Pioneer Square has a rich tradition in the arts including the fact that the first Art Walk in the U.S. began in the Square in the mid-seventies. Our 619 Western Arts building has been a haven for artists since 1979.
When I began looking for a studio space in June 2007, I had two hard limits. Or so I thought. I wanted a private space and I did not want to be in a studio that opened to the art walk. While looking for work spaces I saw the ad in craigslist for my current studio: share with 3 other artists and part of Seattle's largest monthly art walk. I read it and tossed it.
But that ad haunted me for the next few days and I couldn't ignore it. I made an appointment with the artist to view the studio. Arriving early, I waited outdoors and walked around the building. Without stepping inside I powerfully knew I had to be there. It was my space.
When I walked in with the artist, the energy in the studio cemented that fact. It was a refuge. The sign above our studio door says "The Sophia Room".
The studio has been a holding tank for creativity and for intimacy. Powerful moments and conversations have taken place not only at art walk but in private studio visits. It's been a safe space that offered healing. I've experienced and shared in not only my own but also others' internal openings.
Potent personal conversations.
I've witnessed joy. I've witnessed tears. I've watched bodies melt as aspects of shame fell away while viewing work.
During private visits, I've seen many someones sit on the little couch and given time, sink into the calm and allow themselves to relax in a manner they admitted was not often accessed.
In some of my most grief-stricken moments, the space would call to me. I'd lay out large white pages on the floor, get on my hands and knees and as tears fell, filled the sheets with big black charcoal marks.
I remember the connections shared at Art Walk with people where their intimidation that came from being surrounded by art began to be dismantled. For many visitors, the 619 building is the first step to connecting with art and artists.
I'm captivated by the unsettling and yet sexy crack that runs down the wall above each door on the north side of the building. I'm infatuated with the stairwell, the old elevator with its grate and the massive beam that runs the width of my studio. Every time I climb the stairs I smile and think of the history because each step is beaten in and deeply worn from many who tread its path.
The two large windows with their deep red paint call to me whenever I'm stuck with a painting. I can sit on the couch and look out onto the viaduct, paying attention to the sound of the traffic. Every once in a while I'm blessed by the smell of salt air that wafts in through the windows. It brings back powerful memories of my New England coastline.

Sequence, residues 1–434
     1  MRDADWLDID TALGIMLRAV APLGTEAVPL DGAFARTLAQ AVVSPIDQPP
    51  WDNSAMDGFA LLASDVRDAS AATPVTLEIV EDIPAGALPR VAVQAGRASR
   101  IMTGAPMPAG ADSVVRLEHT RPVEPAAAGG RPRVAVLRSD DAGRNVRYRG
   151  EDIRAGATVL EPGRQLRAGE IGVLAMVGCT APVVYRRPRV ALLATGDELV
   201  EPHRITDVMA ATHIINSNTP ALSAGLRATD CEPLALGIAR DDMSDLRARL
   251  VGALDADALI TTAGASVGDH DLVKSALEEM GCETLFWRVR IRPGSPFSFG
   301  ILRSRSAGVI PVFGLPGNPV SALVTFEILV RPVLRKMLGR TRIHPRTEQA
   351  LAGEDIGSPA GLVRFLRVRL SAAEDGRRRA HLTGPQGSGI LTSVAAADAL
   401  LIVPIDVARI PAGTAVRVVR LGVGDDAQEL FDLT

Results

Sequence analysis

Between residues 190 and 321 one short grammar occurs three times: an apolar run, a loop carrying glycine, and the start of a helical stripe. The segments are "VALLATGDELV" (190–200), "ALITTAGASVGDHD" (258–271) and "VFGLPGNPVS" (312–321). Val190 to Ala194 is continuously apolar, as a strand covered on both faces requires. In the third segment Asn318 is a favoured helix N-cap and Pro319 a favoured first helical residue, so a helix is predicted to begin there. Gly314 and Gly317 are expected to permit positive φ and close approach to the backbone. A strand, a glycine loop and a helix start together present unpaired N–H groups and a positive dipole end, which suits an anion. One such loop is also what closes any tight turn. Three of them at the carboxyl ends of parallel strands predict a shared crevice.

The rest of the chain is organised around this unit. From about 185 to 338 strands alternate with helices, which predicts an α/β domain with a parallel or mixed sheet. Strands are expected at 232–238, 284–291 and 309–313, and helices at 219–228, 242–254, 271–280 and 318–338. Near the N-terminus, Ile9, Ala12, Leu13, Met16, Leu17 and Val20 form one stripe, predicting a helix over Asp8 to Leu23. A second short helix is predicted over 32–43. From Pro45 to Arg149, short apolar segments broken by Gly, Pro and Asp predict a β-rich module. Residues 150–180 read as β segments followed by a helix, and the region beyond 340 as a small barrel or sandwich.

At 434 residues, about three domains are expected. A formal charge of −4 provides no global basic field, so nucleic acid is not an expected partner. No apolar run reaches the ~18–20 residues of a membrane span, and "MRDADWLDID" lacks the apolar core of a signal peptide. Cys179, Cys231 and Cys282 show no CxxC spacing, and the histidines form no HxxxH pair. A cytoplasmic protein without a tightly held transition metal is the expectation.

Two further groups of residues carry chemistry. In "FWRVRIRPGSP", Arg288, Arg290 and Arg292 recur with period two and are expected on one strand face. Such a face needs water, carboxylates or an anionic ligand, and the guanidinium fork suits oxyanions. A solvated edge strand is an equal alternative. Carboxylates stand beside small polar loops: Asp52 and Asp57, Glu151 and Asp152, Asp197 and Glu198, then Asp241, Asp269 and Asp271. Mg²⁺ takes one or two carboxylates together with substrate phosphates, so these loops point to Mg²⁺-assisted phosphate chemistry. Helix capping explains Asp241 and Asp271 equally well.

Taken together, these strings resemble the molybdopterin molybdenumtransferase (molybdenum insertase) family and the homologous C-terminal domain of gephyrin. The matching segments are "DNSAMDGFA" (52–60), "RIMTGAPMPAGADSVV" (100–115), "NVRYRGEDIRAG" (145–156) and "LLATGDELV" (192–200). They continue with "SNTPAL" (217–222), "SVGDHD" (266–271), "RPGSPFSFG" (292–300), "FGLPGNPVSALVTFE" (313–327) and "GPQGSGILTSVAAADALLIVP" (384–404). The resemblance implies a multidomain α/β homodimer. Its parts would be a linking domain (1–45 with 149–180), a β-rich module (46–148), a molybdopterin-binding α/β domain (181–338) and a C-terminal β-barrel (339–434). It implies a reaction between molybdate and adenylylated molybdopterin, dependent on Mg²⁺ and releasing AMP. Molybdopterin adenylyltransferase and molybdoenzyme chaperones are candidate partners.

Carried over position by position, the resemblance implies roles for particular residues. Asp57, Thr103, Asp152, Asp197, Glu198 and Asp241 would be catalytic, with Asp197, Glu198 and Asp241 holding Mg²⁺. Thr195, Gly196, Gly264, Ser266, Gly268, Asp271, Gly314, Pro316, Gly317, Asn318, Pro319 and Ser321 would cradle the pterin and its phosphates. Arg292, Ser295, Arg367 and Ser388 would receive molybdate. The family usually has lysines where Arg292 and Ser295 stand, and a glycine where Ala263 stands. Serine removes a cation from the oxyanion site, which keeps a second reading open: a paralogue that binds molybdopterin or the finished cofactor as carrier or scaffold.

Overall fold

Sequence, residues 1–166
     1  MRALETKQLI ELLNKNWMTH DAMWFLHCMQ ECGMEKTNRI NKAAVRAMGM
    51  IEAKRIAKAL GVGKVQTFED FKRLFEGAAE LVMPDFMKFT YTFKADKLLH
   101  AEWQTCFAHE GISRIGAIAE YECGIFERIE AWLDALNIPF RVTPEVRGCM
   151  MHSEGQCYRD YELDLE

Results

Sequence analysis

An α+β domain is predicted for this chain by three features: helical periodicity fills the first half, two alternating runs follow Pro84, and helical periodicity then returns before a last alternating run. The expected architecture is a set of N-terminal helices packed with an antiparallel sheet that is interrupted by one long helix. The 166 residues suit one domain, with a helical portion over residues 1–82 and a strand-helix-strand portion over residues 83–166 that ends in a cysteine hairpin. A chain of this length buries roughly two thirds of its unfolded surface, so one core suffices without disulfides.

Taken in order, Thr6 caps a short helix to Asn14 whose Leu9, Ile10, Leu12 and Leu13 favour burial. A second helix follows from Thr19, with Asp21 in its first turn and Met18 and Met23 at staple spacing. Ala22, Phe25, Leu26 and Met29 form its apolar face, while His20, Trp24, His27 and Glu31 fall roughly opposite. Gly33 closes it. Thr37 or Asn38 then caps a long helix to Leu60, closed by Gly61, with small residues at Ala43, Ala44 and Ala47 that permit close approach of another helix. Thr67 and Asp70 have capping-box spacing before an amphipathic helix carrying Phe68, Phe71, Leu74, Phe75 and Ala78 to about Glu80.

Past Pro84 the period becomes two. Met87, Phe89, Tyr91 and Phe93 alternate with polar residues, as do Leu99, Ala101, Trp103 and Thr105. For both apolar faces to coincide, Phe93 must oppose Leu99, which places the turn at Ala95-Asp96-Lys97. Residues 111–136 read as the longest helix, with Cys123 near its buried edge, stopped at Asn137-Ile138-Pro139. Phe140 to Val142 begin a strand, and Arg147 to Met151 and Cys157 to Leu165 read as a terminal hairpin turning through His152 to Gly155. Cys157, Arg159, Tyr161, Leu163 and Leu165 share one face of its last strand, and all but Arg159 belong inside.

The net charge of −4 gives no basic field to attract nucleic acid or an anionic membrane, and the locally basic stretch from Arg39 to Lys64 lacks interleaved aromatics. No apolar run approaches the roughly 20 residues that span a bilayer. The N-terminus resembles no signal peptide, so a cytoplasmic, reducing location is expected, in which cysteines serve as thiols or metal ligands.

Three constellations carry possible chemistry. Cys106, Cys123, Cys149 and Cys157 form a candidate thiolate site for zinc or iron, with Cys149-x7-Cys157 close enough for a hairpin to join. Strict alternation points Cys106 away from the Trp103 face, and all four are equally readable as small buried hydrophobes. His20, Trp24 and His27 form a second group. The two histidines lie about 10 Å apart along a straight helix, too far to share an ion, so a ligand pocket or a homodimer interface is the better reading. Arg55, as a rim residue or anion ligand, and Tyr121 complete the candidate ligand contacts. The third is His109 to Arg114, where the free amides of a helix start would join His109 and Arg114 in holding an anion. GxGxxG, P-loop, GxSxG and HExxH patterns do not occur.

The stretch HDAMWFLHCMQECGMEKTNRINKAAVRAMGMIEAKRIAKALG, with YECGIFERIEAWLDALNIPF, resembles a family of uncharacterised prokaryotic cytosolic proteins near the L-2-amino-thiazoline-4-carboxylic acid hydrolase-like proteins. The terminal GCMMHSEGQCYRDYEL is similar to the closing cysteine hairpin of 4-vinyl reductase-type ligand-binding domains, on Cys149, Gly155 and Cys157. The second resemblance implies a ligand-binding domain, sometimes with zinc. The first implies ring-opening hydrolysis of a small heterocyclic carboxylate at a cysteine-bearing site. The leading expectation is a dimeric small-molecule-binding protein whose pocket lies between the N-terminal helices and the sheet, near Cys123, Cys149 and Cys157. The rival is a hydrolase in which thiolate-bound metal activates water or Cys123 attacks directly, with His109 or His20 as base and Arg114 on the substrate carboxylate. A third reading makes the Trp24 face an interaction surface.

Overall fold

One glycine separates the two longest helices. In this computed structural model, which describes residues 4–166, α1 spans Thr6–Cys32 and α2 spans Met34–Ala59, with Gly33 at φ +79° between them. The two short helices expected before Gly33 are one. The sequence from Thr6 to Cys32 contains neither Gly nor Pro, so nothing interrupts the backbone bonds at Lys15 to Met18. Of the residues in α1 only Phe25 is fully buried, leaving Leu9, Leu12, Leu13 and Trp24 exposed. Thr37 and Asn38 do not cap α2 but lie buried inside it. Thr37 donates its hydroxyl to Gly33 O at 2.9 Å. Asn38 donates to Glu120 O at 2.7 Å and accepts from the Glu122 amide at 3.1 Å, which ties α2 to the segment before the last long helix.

And it's been a place for my painting to flourish and grow as I slowly continue to work toward a level of maturity. Learning to submit to my deeper self. I used to be very private with my work and this studio and special community has provided a safety net where I began to peel away the veil and reveal not only completed works, but the process. It was a letting go of a pride that required I only show my best which I knew was an impossible task and a set up for failure. This studio played a large part in revelation. Revelation of myself to others. Revelations of others to me. And most importantly, revelation of myself to myself.
An era is ending.
With the viaduct coming down in the next year or two, I knew that at some point all the artists in the 619 Western building would be required to leave. In mid-December the SDOT met with the artists and gave their time frame. The 619 artists will be evacuated in March 2012.
We have 15 months notice, which is a blessing. I'm not going anywhere for a while. But the idea of 100 displaced artists attempting to find inexpensive work space is heartbreaking.
The loss is pronounced because the official word is fresh and it's one more sad art item.
In addition to all that's happening in the world, there has been much distressing news in the art segment. The inexcusable censorship at the National Portrait Gallery, the economy that is challenging for artists to live their passion, the culture wars filled with a cacophony attempting to silence the critical importance of art in our lives, individually and as a community, and so much more. I haven't been able to write about it because the feelings run too deep and honestly, touch upon personal wounds.
Everywhere I look I see a society more entrenched in fear than in discovery. A culture ensconced in suspicion instead of invention. What happened to our imagination? Where is our striving for individual voice and personal excellence instead of settling for mediocrity?
So what do I do?
I work to try to keep my heart open.
I attempt to seek out the beauty while not hide from the ugly and the painful.
I continue to create.
And regardless of where my next painting home is, I will never forget the 619.